Billie Bloebaum of Third Street Books in McMinnville, Oregon, has been vocal on social media about the importance of shopping local; she is also an active advocate for urging authors to link their books to independent bookstores instead of Amazon. Bookselling This Week talked with Bloebaum about how she navigates these conversations with friends, family, customers, and authors, and how other booksellers can do the same.
Without naming names, Bloebaum told BTW that the issue of authors promoting Amazon over indies is one she’s been facing for a while.
“I have a favorite author whose books I devour faithfully and who partners with their local indie for signed books and who links to multiple sources for pre-orders, but who also offers exclusive content to Amazon and its affiliated companies,” said Bloebaum. “It's frustrating, as a fan, when the only way that I can have access to content from a creator whose work I deeply appreciate is to give money to a company that, for all intents and purposes, sees indies as barriers to their complete and utter domination of the book industry.”
This is also an issue that she faces at Third Street, Bloebaum shared. While she usually doesn’t start conversations about Amazon with her customers, she will take the time to explain the benefits of shopping local, such as how money spent at local business stays in-state, if a customer mentions that they can find a book cheaper on Amazon.
“If it's a budget issue — and sometimes it really is — I will look to see if Powell's has a used copy on the shelf for them or recommend that they look to see if the library has it,” Bloebaum added, noting that if the customer is a tourist or from out of state, she’ll hand them a Third Street bookmark and let them know that they can order online and have their order shipped to their house.
Or, Bloebaum said, “I'll ask where they live and try to recommend an indie near them through whom they can buy or order. (Or even a Barnes & Noble. I mean, I sometimes think even getting folks to buy books from Target rather than Amazon should count as a ‘win’).”
Bloebaum said that Third Street also gets a lot of self-published or independently published authors who want the store to carry their books and do events with them, and writers who aren’t yet published also go to the store to seek out advice. One of the things Third Street always tells these authors, she said, is to not include links to Amazon, Amazon reviews, or Amazon sales stats in any correspondence or conversation with independent bookstores, and to not put any reference to Amazon on their book covers.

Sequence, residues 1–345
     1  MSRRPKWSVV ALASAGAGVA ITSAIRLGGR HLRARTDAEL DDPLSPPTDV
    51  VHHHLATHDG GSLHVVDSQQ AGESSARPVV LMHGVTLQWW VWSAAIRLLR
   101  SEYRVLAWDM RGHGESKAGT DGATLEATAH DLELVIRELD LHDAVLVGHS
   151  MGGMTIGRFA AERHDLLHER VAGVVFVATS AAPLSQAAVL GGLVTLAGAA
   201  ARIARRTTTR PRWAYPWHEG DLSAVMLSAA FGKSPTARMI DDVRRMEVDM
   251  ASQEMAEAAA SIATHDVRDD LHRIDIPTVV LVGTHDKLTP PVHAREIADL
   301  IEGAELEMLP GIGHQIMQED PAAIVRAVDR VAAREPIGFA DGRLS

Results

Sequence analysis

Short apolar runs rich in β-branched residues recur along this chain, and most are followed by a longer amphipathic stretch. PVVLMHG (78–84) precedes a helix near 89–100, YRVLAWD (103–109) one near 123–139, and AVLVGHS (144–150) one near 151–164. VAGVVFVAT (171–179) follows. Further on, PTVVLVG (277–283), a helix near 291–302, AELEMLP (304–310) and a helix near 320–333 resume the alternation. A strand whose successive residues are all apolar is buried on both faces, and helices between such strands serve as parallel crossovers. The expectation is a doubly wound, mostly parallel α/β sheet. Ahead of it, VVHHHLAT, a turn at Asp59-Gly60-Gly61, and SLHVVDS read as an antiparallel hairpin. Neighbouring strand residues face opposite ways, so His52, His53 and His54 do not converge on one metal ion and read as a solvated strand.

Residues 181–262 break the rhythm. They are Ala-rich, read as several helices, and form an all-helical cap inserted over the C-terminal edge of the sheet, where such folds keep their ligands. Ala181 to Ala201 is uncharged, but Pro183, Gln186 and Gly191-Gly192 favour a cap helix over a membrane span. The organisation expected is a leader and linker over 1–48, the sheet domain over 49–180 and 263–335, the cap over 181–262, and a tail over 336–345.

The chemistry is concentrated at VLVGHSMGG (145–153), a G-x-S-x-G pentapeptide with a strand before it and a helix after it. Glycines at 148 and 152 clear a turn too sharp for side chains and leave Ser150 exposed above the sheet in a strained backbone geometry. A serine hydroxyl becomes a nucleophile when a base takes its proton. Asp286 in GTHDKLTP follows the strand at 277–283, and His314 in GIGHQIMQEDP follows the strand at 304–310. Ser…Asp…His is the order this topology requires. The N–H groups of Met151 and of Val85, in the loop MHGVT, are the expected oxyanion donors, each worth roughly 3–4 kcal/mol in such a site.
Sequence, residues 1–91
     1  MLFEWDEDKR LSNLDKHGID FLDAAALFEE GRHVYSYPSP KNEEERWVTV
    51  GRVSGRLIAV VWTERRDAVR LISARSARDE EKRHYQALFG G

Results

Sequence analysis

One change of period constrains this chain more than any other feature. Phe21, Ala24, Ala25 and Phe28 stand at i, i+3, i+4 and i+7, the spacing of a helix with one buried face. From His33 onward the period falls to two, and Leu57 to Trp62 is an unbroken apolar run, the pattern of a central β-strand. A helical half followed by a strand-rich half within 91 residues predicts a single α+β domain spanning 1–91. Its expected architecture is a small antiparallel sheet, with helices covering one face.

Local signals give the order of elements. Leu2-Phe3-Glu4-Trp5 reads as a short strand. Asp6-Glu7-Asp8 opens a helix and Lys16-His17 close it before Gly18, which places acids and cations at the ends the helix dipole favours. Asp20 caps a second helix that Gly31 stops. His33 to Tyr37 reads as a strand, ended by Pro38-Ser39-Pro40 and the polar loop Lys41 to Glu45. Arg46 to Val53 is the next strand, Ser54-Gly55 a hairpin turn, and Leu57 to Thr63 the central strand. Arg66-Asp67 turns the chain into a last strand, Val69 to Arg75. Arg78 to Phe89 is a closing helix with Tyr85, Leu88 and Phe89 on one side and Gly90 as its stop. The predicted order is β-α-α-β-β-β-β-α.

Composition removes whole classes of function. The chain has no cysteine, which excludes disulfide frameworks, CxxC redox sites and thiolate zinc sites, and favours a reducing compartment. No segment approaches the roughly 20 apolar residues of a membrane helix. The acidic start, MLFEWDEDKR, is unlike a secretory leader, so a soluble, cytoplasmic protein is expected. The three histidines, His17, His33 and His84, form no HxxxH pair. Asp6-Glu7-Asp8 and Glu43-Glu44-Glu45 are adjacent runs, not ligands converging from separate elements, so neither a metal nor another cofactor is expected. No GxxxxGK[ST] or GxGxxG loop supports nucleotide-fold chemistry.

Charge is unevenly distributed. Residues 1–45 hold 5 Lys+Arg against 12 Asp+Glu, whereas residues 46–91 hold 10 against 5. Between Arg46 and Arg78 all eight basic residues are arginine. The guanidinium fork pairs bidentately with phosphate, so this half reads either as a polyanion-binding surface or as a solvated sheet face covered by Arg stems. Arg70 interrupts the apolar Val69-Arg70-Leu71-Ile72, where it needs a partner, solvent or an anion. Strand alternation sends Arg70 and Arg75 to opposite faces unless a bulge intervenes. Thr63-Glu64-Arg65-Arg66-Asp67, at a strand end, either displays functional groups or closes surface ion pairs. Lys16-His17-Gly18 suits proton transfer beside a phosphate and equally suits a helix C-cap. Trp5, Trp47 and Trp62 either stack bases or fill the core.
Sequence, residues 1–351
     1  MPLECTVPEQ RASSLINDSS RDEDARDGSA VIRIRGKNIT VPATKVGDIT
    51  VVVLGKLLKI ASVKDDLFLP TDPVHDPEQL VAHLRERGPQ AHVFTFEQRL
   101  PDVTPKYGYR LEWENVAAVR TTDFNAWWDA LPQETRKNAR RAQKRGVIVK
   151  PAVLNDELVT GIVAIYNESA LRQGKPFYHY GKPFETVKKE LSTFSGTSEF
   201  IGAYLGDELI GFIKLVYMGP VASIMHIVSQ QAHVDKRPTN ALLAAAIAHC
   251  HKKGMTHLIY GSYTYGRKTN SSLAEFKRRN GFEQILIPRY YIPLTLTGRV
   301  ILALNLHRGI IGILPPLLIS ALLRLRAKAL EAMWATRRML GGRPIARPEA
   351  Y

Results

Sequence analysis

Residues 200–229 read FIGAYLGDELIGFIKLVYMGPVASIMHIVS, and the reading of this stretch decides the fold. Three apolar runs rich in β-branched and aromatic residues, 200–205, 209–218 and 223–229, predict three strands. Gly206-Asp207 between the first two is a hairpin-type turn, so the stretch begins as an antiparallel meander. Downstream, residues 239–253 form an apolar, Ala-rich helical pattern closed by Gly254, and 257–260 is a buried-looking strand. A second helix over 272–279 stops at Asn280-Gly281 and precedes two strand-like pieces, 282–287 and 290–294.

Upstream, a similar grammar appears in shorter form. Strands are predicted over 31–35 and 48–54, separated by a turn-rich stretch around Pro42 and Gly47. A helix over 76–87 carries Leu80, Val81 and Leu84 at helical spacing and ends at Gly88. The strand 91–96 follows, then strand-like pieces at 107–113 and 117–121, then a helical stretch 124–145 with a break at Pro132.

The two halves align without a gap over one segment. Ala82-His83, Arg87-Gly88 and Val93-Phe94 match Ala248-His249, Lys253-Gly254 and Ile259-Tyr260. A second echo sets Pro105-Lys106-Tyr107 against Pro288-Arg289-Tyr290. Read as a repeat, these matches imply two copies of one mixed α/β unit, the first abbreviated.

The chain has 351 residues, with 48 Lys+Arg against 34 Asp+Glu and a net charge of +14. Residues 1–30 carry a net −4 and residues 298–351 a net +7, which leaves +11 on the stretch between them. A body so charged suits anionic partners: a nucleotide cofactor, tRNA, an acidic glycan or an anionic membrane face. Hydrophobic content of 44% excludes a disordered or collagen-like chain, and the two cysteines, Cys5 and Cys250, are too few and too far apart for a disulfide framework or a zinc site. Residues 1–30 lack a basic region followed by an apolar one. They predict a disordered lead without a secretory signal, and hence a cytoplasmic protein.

It’s also helpful to recommend indie authors other services they can use to create their work, said Bloebaum, adding that Third Street directs “them to IngramSpark if they're publishing through CreateSpace. Most indie authors just don't know or don't think they have other options. Not all of them are receptive, because Amazon is huge and can give them exposure that a small store like ours never could. Although in an ideal world, authors would link to indies instead of Amazon, I'm gratified now when they link to us in addition to.”
This is especially true for independently published authors, Bloebaum said, noting that it's an unfortunate truth that, if they want to make any money, they almost have to sell their books on Amazon. “From a financial perspective, I get it,” she said. “For some authors. For others, though, I will definitely do the social media (usually Twitter) ask for the changing of the pre-order link. I have a script. I wrote a column about it for the PNBA blog last year. And it helps. But we all need to be doing it. ALL OF US. Nicely, but still. Make the ask.”
Bloebaum also shared some tips about how to navigate the shop local conversation politely and with humor: reminding customers how much money Jeff Bezos has, coupled with increasing concerns over personal data being shared or leaked online, is sometimes enough for people to reconsider their buying options, she said.
She also suggested reminding customers that there is very little that an indie can't do — outside of price-matching and free shipping, maybe nothing — that Amazon can. If you can find a way to show people that the “extra” that they pay by shopping local gives them additional benefit — “Ooh. I see you're buying Book X. Have you read Book Y? They have a lot of similar themes and evoked a lot of the same emotions for me as a reader" rather than "Customers who bought Book X also bought Tchotchke A and Movie J" or the instant gratification of walking out with an item or having a vibrant and eclectic downtown core — it will make them look at things a little differently.
Said Bloebaum, “Know that you can't change every mind and it's not always worth your energy to keep trying. Know who's open and who's not and focus most of your energy on the ones who are willing to listen. I find that the people who are just ill-informed and are willing to change are far more numerous than the ones who aren't.”
“If we could change every mind,” she added, “that would be awesome, but we can't and we need to recognize that. We can still hope for a different outcome, but it's best to focus your energy where it might actually do some good. And buy stubborn Aunt Edith a gift certificate for her local indie so that she risks nothing by experiencing it for herself and maybe, just maybe, making the change.”